On paper, The Spence is my ideal restaurant. Modern American cuisine, creative and eclectic dishes, a slightly swanky atmosphere, and a menu full of craft cocktails. Oh, there’s also that Richard Blais, celebrity chef thing going for it. The Spence has been on my list for quite some time now, but ironically, I kept avoiding it because it was simply too available. Literally, I don’t think I went on Open Table one time in the last year when The Spence didn’t have an open reservation. Eventually, curiosity got the best of me and I decided to check things out for myself.
Let’s start with the atmosphere. The Spence definitely met my expectations for slightly swanky. The concrete floors and exposed ductwork were complemented by a wall of floor to ceiling windows and a gorgeous bar in the center of the restaurant. We were also met with a mouthwatering aroma upon entering the restaurant, which I definitely didn’t hate. I did notice, though, that the place was only half full on a Friday night. Maybe it was the 20-degree weather. Maybe.
Onto the cocktails. I started with a delicious vodka-champagne cocktail, with a touch of pomegranate liqueur. The best part? The liqueur was served on the side, so I didn’t end up with something that was too sweet for my liking. The worst part? It took a good 25 minutes for our cocktails to arrive.
The Spence’s menu changes daily, so the chef must have known I was coming when he put a kale Caesar, beef tartare, bone marrow, and pork belly on the menu that night.
The kale Caesar was simple and extra lemony, which is just how a Caesar should be. Although the dressing looked heavy at first, it was surprisingly light for a Caesar. I find baby kale to be a lot less bitter than traditional kale, making it the perfect green for a crisp salad.
The beef tartare was pretty traditional, and was served alongside a pumpernickel crisp with a nice twist of shaved celery root and pickled celery. The best part, though, was the duo of sunny side up quail eggs. I love the smaller and more delicate nature of quail eggs, and a drizzle of yolk added another layer of complexity to the dish. My true confirmation on the tartare came when Chad tasted a bite, and then actually wanted a second and a third.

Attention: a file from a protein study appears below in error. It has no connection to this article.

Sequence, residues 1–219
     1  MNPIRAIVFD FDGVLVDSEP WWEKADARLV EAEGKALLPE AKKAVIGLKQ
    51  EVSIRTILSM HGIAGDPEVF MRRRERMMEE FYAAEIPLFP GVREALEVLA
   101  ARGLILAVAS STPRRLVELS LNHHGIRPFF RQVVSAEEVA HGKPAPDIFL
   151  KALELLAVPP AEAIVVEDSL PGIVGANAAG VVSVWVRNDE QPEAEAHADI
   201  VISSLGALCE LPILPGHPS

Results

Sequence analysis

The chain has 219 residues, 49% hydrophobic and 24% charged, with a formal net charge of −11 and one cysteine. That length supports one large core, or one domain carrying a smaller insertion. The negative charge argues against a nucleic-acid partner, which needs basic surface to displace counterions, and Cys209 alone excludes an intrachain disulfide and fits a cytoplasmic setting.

To supplement the tartare, we also ordered the fluke crudo. This was the only dish at The Spence that I really disliked. The fluke (aka a fancy word for flounder) was so fishy tasting that it completely overpowered the other flavors of the dish. After one bite, I pushed the crudo aside and returned to the tartare.
We weren’t originally planning to order the bone marrow, but when I saw another server walking by with it, I decided we couldn’t not order it. The bone marrow was roasted to perfection and topped with a layer of tuna tartare and two more quail eggs. I generally think of bone marrow as pairing well with a sweet marmalade or chutney, but I loved the savory combination and textural contrast of the tuna in this dish.
We completed the meal with the pork belly dish and a side of thrice cooked fries. I thought we had maxed out on richness with the bone marrow, but the pork belly took things to a whole new level. Let’s start with the pork itself. It was cooked better than any pork belly I’ve ever had. The outside took caramelized to a whole new level and you certainly didn’t need a knife to cut through the tender center. The pork was served atop a layer of “grits”, somehow transformed into a rich, yet fluffy cream. With all that richness, the roasted radishes were a yummy and necessary addition to balance the dish.
Under normal circumstances, the meal would have then progressed to dessert, but I was fairly confident that not even a delicious chocolate torte could top the pork belly.
Other than the crudo mishap, the food at The Spence was delicious and definitely indulgent (we may or may not have consumed a week’s worth of fat content in one sitting). To be honest, I was expecting the dishes to be a little bit more creative and molecular gastronomy-centric, but the flavors were spot-on.
Despite the excellence of the food, the mystery behind The Spence’s over-availability lies in the service. Our server was pretty absent during the majority of our meal, to the extent that the bartender even had to come by a few times to take our order and refresh our drinks. This would have been somewhat understandable if the place was packed out the door, but at only 50% full, I expected a bit more. Life is full of tradeoffs, and in this case, I’ve decided that another bite of that pork belly is worth a few hours of sub-par service.